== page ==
Winning an Academy Award is an achievement some actors and actresses wait their whole lives and careers for. And then there are these performers who were so impressive in their first ever film roles that they took home Oscars for it.
Born in Mexico to a Kenyan family, Nyong’o built up an impressive resume in film and TV before she made her silver screen debut in the 2013 Best Picture winner 12 Years a Slave. After working as a production assistant on Hollywood films, she starred in the MTV Kenya soap Shuga for three seasons and then wrote and directed a documentary called In My Genes. Only then after training at the prestigious Yale School of Drama did she land a movie role — Patsey in 12 Years a Slave, for which she won the Oscar for Best Supporting Actress.
Today, Paquin is best known for two massive successes: starring as Sookie Stackhouse on HBO’s long-running Southern gothic vampire show True Blood, and for playing superhero Rogue in three X-Men movies. She’s also an Academy Award winner, and one of the youngest ever. After an auspicious debut as a skunk in an elementary school play, Paquin auditioned for the role of Floria in the 1993 Australian period drama The Piano. She got the role over 5,000 other child actresses, and at the age of 11, won the Oscar for Best Supporting Actress.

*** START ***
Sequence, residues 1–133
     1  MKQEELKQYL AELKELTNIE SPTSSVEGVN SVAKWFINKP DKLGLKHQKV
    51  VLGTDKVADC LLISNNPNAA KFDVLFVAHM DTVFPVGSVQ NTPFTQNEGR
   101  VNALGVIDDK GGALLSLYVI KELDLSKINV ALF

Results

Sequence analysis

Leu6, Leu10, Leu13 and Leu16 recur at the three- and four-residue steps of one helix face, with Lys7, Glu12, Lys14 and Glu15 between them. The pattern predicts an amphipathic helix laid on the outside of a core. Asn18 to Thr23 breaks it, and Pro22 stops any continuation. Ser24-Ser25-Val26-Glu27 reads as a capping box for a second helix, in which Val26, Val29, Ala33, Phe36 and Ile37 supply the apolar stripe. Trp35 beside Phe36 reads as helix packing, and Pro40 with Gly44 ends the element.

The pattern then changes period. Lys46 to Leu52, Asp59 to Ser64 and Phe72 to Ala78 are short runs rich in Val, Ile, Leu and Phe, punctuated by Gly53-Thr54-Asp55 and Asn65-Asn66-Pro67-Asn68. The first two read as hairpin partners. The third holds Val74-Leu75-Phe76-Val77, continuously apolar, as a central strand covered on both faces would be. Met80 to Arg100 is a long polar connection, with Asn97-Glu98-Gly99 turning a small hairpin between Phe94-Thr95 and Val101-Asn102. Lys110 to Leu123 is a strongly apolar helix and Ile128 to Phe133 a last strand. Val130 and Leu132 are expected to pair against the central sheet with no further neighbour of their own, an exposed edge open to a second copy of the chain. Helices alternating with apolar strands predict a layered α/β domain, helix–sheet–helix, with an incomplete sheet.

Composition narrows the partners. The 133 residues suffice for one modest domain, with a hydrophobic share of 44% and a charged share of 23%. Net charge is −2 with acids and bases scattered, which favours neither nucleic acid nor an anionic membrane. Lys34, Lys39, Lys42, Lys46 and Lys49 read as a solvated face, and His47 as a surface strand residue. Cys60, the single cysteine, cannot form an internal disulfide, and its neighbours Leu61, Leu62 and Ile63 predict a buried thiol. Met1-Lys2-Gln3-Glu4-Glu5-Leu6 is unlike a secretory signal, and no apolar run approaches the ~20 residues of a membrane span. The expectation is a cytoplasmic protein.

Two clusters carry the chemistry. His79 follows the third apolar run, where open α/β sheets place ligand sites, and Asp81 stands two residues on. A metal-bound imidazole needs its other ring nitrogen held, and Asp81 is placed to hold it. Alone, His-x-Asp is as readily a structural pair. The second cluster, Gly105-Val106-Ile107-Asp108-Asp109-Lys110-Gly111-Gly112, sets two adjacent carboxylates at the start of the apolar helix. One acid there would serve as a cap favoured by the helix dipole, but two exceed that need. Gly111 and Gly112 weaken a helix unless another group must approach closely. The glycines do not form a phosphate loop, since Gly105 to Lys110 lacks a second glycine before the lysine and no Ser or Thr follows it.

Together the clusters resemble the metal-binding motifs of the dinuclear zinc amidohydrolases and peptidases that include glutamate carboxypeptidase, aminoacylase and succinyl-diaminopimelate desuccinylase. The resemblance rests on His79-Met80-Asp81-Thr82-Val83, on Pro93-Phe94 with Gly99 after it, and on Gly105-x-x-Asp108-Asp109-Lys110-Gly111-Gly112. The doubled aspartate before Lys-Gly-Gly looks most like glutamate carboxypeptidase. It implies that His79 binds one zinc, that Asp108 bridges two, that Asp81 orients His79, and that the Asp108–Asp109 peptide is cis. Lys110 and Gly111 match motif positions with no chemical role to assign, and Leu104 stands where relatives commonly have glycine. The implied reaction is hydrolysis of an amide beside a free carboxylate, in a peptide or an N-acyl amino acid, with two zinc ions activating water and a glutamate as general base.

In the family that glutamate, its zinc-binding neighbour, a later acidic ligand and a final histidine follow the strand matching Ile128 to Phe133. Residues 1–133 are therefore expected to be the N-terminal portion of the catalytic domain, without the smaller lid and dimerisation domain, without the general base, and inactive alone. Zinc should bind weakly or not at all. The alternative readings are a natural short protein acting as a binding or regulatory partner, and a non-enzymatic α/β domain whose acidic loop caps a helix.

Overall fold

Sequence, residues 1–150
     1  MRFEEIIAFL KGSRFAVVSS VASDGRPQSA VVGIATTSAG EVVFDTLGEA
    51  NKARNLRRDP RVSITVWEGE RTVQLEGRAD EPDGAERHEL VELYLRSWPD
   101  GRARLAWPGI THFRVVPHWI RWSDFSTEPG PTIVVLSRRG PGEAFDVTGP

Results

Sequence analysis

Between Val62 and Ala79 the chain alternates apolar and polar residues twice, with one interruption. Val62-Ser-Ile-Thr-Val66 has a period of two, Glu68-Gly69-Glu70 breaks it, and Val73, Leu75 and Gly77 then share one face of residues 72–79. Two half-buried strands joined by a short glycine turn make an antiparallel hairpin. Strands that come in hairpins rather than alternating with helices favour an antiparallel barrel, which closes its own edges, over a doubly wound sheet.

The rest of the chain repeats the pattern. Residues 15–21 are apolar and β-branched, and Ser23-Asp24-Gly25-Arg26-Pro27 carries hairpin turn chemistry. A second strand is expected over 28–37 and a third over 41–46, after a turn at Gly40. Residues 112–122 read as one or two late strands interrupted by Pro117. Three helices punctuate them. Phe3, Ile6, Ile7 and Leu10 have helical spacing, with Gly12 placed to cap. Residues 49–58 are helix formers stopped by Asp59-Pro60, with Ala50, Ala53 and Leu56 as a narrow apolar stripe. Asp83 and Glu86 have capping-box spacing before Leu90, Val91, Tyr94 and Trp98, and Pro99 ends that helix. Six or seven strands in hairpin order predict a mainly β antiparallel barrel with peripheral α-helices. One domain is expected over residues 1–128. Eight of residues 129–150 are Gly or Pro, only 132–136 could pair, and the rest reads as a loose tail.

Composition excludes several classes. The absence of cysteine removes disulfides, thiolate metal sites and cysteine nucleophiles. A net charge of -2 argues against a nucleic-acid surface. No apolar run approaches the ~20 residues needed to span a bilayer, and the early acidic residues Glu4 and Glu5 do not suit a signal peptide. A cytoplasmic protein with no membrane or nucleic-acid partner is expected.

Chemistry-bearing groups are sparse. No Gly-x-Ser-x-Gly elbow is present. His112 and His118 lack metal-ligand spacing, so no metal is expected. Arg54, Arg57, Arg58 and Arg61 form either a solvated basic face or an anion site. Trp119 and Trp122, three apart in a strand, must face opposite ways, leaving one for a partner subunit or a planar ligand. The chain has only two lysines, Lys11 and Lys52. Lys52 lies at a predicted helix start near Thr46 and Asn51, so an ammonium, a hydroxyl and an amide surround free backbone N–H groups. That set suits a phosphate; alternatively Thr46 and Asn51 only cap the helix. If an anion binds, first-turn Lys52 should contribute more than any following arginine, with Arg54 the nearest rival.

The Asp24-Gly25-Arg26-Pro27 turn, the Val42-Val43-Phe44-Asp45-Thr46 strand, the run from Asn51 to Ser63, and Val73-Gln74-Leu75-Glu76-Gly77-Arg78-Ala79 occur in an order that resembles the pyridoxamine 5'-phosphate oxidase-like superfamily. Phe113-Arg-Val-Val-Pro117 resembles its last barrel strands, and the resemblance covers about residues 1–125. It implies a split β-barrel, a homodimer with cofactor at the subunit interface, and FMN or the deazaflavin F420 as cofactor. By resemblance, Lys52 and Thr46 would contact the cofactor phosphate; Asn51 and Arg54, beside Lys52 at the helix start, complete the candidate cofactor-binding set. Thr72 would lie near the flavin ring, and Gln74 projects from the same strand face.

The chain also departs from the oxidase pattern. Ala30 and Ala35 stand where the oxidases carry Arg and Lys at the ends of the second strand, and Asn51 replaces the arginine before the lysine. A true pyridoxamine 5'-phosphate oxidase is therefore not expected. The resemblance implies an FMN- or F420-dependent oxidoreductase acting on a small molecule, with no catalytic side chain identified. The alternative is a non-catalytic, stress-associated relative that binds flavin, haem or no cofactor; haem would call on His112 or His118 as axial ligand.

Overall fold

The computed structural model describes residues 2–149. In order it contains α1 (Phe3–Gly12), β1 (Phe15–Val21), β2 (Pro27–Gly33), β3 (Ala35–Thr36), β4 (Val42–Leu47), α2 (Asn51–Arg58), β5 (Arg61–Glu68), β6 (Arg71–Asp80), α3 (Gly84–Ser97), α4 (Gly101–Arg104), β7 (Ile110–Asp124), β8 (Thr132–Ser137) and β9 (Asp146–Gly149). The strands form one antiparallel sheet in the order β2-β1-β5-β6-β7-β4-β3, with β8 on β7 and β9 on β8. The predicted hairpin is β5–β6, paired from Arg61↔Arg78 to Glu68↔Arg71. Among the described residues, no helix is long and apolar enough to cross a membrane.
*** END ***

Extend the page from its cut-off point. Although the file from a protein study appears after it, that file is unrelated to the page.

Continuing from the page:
Streisand is certainly one of our greatest and most popular entertainers, and she dazzled audiences right out of the gate. In 1964, the singer-actresses starred as Fanny Brice in the original production of Funny Girl, but lost the Tony Award for Best Actress in a Musical to Carol Channing in Hello, Dolly! Streisand moved over to film, with her first role a reprisal of Fanny Brice in the movie adaptation of Funny Girl. This time she won the Oscar for Best Actress. (Actually, in one of the rare ties in Academy Award history, she shared the prize with Katharine Hepburn for The Lion in Winter.)
The darling of the 1947 Academy Awards: The Best Years of Our Lives. The striking, empathetic drama examined the lives of several World War II veterans struggling to reintegrate themselves into civilian life. Harold Russell played Homer Parrish, a man who’d lost both of his hands in combat; Russell had suffered the same casualties. Russell won the Academy Award for Best Supporting Actor, his previous onscreen work consisting of a 1945 short film about his wartime experiences called “Diary of a Sergeant.”